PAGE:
Advances in computer vision and robotic dexterity may reach the field just in time to save U.S. agriculture from a looming labor shortage.
What happened: CNN Business surveyed the latest crop of AI-powered farmbots, highlighting those capable of picking tender produce, working long hours, and withstanding outdoor conditions.
Robot field hands: Harvest bots tend to use two types of computer vision: one to identify ripe fruits or vegetables, the other to guide the picker.
- Vegebot, a lettuce harvester developed at the University of Cambridge, spots healthy, mature heads of lettuce with 91 percent accuracy and slices them into a basket using a blade powered by compressed air. The prototype harvests a head in 30 seconds, compared to a human’s 10-second average. The inventors say with lighter materials, they could catch up.
- Agrobot’s strawberry-picking tricycle straddles three rows of plants. It plucks fragile berries using up to 24 mechanical hands, each equipped with a camera that grades the fruit for ripeness.
- California’s Abundant Robotics built a rugged, all-weather autonomous tractor that vacuums up ripe apples (pictured above).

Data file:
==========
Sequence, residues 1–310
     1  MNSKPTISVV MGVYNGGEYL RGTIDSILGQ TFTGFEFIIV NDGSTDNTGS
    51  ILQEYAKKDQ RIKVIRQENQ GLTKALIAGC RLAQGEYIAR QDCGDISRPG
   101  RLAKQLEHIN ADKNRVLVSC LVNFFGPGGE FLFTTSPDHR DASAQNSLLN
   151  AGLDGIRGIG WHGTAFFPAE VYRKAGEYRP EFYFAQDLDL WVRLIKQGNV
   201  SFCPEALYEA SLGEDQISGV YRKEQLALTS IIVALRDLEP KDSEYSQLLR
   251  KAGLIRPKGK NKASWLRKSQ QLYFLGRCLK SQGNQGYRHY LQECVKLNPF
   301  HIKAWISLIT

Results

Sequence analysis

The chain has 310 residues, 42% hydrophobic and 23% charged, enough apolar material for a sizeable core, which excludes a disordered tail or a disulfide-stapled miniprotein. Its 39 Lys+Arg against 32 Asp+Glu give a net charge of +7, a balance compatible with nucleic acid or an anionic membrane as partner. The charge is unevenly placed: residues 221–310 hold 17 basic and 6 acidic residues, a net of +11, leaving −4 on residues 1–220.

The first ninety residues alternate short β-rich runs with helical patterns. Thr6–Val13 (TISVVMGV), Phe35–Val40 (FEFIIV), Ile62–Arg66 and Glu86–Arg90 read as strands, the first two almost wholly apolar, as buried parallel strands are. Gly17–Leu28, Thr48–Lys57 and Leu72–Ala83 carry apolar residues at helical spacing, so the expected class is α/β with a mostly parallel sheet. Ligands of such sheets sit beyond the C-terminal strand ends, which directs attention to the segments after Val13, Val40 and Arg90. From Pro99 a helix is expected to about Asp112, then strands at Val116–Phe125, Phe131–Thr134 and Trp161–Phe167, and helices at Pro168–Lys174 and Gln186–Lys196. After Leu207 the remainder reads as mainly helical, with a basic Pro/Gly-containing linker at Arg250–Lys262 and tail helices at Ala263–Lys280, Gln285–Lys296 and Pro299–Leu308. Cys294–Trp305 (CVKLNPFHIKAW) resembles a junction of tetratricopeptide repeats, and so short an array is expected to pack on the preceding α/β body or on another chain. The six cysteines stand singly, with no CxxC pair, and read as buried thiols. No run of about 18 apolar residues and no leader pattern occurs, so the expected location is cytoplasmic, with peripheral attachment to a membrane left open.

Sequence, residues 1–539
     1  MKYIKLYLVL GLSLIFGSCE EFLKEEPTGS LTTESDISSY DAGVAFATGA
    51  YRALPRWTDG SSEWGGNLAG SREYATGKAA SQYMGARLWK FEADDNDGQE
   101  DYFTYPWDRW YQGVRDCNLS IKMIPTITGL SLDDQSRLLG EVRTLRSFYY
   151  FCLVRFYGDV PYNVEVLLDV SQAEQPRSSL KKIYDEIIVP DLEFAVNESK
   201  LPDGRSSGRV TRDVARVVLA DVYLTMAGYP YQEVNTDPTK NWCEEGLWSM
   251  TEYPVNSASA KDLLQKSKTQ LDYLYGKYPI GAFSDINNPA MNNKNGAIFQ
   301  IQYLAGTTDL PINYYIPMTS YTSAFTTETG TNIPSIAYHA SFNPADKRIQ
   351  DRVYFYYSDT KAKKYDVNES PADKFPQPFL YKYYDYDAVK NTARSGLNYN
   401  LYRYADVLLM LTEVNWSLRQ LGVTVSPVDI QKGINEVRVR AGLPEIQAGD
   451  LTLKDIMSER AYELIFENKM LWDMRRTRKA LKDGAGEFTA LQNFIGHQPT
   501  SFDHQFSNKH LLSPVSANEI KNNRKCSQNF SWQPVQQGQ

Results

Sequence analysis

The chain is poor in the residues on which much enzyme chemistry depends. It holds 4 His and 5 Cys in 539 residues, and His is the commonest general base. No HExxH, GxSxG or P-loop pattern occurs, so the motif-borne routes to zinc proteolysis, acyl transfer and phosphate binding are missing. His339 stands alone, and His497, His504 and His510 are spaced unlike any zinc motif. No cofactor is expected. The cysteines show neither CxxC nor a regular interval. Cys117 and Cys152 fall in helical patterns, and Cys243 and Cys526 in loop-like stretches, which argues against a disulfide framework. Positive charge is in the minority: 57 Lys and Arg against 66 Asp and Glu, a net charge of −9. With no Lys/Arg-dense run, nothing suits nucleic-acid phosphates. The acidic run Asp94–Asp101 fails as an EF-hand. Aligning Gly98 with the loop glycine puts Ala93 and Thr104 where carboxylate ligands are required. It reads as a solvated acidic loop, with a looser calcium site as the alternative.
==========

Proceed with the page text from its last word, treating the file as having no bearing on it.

Behind the news: Unauthorized migrants do as much as 70 percent of U.S. harvest work, according to a study by the American Farm Bureau Association. Tighter immigration policies and improving opportunities at home increasingly keep such workers out of the country.
Why it matters: The shortage of agricultural workers extends across North America. During harvest season, that means good produce is left to rot in the fields. The situation costs farmers millions in revenue and drives up food prices.
Our take: The robots-are-coming-for-your-job narrative often focuses on people put out of work but fails to acknowledge that workers aren’t always available. Between a swelling human population and emerging challenges brought on by climate change, the agriculture industry needs reliable labor more than ever. In some cases, that could be a machine.